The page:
Mega Fix Preview Part IV: Khobar TowersPart V: TWA Flight 800
By Jack Cashill
© 2004 WorldNetDaily.com
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On July 17, 1996—Liberation Day in Saddam’s Iraq and two days before the Atlanta Olympics—at least 270 people see streaking objects zigzagging off the horizon and culminating in the destruction of TWA Flight 800 off the south coast of Long Island.
At the time of the crash Richard Clarke is serving as chairman of the Coordinating Security Group on terrorism (CSG). Within thirty minutes of the plane’s crash, Clarke tells us, he convenes a meeting of the CSG in the White House situation room.
“The FAA,” Clarke reports, is “at a total loss for an explanation. The flight path and the cockpit communications were normal. The aircraft climbed to 17,000 feet, then there was no aircraft.”
In fact, the FAA does have an explanation. Its radar operators in New York saw on their screens an unknown object “merging” with TWA 800 in the seconds before the crash and rushed the radar data to Washington. For reasons that will become clear later, Clarke also deceives the reader about the altitude of TWA 800. The last altitude the FAA actually recorded was about 13,700 feet. This is easily verified and beyond debate.
And remember the concept of planes as bombs, Ramzi Yousef and the Bojinka-related plot? President Clinton, in fact, reviews these plans in the summer of 1996, after TWA Flight 800 has been destroyed. USAF Colonel Buzz Patterson, who carried the “nuclear football” for the president, relates in his book, Dereliction of Duty that he was returning a daily intelligence update from the president’s desk to the National Security Council when he notices the heading “Operation Bojinka.” He keys on a reference to “a plot to use commercial airliners as weapons.” As a pilot he has a keen interest in the same.
Beyond doubt, Clinton is aware of the potential use of planes as bombs in the summer of 1996, but he does nothing about it. Patterson also tentatively identifies Deputy National Security Advisor and political consigliere, Sandy Berger, as the one person holed up on the night of July 17 with Clinton in the family quarters. No document could be more damaging to the Clinton legacy than Clinton’s handwritten notes on Bojinka and related plans. Pilfering these might be worth the risk of getting caught.
About four weeks after the crash, based on his own rough timeline, Richard Clarke visits the site of the TWA 800 investigation on Long Island. There he casually stops to talk to a technician, who shares with Clarke the astounding fact that, despite all evidence to the contrary, an exploding fuel tank destroyed TWA Flight 800.
That same day, Clarke tells us that he returns to Washington and breathlessly shares his exploding fuel tank theory with chief of staff Leon Panetta and NSA director Tony Lake, even sketching the 747 design.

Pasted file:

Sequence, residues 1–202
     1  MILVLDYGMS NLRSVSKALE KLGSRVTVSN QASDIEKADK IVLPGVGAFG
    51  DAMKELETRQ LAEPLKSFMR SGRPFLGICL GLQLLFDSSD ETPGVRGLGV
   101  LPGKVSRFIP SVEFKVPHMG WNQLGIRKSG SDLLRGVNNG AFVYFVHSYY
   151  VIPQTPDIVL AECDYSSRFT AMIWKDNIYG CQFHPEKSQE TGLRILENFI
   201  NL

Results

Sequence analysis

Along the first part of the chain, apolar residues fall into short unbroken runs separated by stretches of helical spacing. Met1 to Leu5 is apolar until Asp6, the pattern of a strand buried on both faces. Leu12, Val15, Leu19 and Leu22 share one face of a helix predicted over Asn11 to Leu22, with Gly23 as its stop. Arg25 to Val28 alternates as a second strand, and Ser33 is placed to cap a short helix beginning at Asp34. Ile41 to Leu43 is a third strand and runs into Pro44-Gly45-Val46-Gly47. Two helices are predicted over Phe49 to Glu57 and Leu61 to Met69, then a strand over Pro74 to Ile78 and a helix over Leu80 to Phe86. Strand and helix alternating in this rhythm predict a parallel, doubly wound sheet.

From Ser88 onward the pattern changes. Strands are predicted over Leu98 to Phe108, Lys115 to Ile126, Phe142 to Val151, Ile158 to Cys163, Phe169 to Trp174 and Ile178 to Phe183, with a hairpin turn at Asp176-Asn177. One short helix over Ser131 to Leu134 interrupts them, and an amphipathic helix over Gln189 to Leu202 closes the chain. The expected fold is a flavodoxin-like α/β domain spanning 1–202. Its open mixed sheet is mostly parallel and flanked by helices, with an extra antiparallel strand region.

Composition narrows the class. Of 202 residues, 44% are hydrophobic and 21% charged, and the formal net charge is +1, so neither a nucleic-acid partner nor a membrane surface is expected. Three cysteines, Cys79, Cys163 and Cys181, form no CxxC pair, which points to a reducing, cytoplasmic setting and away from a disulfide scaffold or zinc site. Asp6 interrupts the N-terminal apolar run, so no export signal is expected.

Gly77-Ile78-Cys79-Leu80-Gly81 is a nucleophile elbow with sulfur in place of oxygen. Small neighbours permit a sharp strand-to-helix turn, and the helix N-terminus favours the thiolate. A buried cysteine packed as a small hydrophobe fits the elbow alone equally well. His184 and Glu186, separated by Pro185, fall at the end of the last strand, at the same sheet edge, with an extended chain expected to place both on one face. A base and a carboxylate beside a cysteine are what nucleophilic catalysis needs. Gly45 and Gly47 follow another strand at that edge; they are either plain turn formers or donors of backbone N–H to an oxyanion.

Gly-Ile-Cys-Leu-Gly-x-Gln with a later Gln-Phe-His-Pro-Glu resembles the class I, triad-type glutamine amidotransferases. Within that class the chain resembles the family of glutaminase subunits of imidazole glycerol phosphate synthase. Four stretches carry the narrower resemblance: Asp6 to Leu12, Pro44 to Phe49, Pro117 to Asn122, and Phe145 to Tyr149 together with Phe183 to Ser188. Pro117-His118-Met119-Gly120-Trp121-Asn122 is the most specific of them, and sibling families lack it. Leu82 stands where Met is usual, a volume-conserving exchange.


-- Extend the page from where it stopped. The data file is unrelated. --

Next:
“Does the NTSB agree with you,” Lake asks Clarke.
“Not yet,” says Clarke. In one chance stroll through the hangar, the amateur Clarke discovers something that the NTSB has not yet discovered itself.
Clarke then adds the telling comment, “We were all cautiously encouraged.” They are “encouraged” because the political people do not want to face the consequences of terrorism. It could derail their cakewalk to reelection.
At this same time in the investigation, however, the FBI is ignoring the politics. Its agents are telling The New York Times that explosive residue has been found throughout the plane and especially along the right wing. Plus, the FBI’s Washington lab has identified the residue as PETN, a component of either missiles or bombs. The same Times article calls the finding “a serious blow to the already remote possibility that a mechanical accident caused the crash.”
Something has to give, and it’s the FBI. On August 22, future 9/11 commissioner Jamie Gorelick—as the Clintons’ Deputy Attorney General she was also field commander at Oklahoma City--summons the FBI’s Jim Kallstrom to Washington for a come to Jesus meeting.
Kallstrom has been a good soldier the past five weeks. He’s kept all talk of eyewitnesses and satellites and radar and missiles out of the news. But the evidence has led him to a terrorist scenario of some sort, and there’s no easy way to turn back.
No account of the meeting provides any more than routine detail, but behaviors begin to change immediately, especially after the New York Times breaks a headline story the next day, top right, above the fold—“Prime Evidence Found That Device Exploded in Cabin of Flight 800.” This article steals the thunder from Clinton’s election-driven approval of welfare reform in that same day’s paper and threatens to undermine the whole peace and prosperity mantra of the Democratic convention just days away. Greg Norman indeed!
From this point on, the administration spends all its energies making Clarke’s exploding fuel tank theory stick. When the FBI is forced to change its story so does The New York Times. And America lets its guard down once more.
Next in the series: Mega Fix Preview Part V: The Atlanta Olympics
Jack Cashill is an Emmy-award winning independent writer and producer with a Ph.D. in American Studies from Purdue.
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